I really feel the time I am quite old sometimes. I am now programming for about 22 years, and exception handling was always an important part of development. This seems to be no longer true.
Gradle is a great build system, it is really nice and you can script your build logic using Groovy, which is better than using XML (ANT) or using only convention (Maven). I am working with Gradle now for about 6 month, and I really like some of the concepts… but exception handling is really hard.
For example, Gradle has the concept that there is some logic which just knows whether a build task needs to be executed or not. For example, if you have a task which compiles Java, and you know all the input files, and the output files, you can compare the input/output from the last build, and the current build, and when the input/outputs did not change, then you don’t have to do the compilation again. This is quite a good idea, so normally, when you build a Gradle project you experience a lot of tasks which just say:
taskname - UP-TO-DATE
This means that the task is not really executed. Gradle has some logic to know all the inputs and outputs of the tasks, so it can compare them, and if they are the same, just ignore the task for this run and don’t execute it. This is really fine as long as it works.
I had a task which copied some JS files into a directory, it too the JS files from a node_modules folder where it downloaded the files first, and then copied them to a generated folder. This would mean that when I delete the destination folder, then the task must really be executed again, because otherwise the file is not copied. When the file is not copied, it is not part of the delivery, and we remark this only when we have successfully deployed the artifact to a system that something is wrong (runtime exception).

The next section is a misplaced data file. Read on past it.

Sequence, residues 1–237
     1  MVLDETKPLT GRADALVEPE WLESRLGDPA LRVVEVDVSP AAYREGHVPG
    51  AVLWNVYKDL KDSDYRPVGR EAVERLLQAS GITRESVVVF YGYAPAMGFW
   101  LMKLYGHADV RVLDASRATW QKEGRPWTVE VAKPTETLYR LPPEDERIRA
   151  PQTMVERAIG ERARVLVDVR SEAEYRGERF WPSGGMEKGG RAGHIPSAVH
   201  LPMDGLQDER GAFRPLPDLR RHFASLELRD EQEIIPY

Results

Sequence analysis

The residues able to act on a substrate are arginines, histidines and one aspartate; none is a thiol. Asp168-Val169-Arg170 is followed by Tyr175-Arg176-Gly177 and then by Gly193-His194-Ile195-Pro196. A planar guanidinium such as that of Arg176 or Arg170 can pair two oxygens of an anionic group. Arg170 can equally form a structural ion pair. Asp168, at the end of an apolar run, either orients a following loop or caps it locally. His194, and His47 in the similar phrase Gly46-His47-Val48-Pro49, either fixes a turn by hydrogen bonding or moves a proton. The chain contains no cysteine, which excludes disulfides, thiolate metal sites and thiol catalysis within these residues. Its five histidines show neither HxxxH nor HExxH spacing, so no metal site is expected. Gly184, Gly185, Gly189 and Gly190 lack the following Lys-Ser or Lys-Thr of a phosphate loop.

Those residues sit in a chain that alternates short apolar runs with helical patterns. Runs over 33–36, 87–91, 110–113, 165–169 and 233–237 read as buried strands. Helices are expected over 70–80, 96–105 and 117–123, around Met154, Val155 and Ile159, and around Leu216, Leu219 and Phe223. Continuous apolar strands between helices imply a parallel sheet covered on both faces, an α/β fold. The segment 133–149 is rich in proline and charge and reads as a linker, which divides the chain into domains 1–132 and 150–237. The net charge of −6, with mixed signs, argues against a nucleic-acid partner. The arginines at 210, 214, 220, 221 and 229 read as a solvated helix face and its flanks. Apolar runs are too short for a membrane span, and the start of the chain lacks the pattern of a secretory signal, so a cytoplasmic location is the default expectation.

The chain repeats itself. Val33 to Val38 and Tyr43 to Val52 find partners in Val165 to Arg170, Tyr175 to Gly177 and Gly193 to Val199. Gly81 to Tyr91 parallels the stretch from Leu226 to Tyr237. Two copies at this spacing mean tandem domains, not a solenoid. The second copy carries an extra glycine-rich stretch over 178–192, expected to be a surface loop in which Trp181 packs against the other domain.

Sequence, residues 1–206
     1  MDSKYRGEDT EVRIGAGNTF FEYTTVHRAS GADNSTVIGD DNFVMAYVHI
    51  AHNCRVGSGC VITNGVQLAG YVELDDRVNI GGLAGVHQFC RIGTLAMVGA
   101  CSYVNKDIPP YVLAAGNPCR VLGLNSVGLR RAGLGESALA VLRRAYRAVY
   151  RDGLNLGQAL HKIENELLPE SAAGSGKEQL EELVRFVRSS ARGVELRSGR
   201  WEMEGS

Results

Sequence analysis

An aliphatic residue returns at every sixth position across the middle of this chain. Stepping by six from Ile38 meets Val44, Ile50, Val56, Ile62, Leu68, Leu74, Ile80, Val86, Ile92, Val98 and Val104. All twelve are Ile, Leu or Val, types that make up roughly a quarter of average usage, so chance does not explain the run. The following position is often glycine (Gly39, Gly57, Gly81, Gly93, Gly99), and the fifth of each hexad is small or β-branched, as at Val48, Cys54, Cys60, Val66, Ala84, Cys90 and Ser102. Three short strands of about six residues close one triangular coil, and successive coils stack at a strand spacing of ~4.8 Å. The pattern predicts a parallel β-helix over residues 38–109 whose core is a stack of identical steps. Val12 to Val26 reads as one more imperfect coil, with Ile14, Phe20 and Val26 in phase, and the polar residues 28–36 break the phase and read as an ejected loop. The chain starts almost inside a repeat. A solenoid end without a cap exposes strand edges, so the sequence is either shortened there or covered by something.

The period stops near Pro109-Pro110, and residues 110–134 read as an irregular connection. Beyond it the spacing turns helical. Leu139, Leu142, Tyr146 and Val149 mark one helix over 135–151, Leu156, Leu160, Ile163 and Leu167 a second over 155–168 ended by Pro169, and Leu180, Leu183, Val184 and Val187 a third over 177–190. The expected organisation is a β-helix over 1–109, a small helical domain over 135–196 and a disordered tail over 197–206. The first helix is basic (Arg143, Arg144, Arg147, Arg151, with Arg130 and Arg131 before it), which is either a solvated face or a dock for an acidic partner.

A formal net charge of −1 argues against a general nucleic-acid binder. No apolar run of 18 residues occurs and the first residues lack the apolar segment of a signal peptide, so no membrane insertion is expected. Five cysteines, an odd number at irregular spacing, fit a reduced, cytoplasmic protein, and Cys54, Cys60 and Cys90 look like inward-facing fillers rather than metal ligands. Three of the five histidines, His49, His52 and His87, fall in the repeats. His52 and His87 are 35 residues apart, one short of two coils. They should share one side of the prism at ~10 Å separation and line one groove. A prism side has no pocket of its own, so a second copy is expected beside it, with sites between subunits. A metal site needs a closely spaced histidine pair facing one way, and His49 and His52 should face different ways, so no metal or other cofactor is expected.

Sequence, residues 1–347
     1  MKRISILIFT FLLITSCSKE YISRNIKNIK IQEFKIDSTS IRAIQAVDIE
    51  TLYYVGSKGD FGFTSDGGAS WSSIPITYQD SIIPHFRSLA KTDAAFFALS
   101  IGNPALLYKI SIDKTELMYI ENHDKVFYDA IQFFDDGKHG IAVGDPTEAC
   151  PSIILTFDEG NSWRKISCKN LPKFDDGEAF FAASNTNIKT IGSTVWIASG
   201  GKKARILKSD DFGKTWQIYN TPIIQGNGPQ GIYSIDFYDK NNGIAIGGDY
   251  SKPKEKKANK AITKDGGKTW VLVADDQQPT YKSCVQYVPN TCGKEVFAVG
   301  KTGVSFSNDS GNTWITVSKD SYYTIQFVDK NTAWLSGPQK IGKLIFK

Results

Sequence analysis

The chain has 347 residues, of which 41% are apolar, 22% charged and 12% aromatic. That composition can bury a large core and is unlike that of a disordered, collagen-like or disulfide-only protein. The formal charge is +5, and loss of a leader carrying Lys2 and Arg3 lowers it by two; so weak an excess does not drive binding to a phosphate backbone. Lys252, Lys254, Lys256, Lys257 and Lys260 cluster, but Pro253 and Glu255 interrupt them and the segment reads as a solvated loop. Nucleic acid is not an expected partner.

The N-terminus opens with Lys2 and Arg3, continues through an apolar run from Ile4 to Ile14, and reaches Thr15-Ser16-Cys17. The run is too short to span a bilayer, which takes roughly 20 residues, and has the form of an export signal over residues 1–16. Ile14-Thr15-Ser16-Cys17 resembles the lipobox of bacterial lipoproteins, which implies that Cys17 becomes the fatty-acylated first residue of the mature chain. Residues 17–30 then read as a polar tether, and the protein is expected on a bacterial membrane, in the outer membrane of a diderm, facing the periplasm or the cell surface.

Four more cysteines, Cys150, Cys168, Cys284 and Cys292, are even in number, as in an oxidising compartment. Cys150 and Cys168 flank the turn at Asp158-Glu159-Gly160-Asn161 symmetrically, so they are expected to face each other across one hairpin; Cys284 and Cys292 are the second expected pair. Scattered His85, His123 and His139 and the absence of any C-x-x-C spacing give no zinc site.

The problem was that Gradle always thought that the task was up-to-date… OK, clearly, there was some error in this. With gradle, you can use command-line-parameters to get more information, like -i for info and -d for debug. I tried this to find out why Gradle thinks that my Copy-task is up-to-date, but the debugging output gave me no real value. There was no hint why the task was up-to-date in the debugging output.
To make this one short: The Gradle guys had a really good idea that tasks should not be executed when the input/output match. This works great. But we as developers make errors, and when we make errors, we want that a tool provides us with a meaningful message, at least in the debugging output.
What really was the problem in my case was that I defined the tasks outputs wrongly, so the directory for the output did not exist in the previous run, and as it does not exist now, the current run does not see any difference and just says UP-TO-DATE.
My whole debugging session, the time I lost with it, could really have been decreased by providing a meaningful debugging-output… I will try to contribute my logging to the gradle GitHub project, hopefully they will include it and this will safe some time for other devs.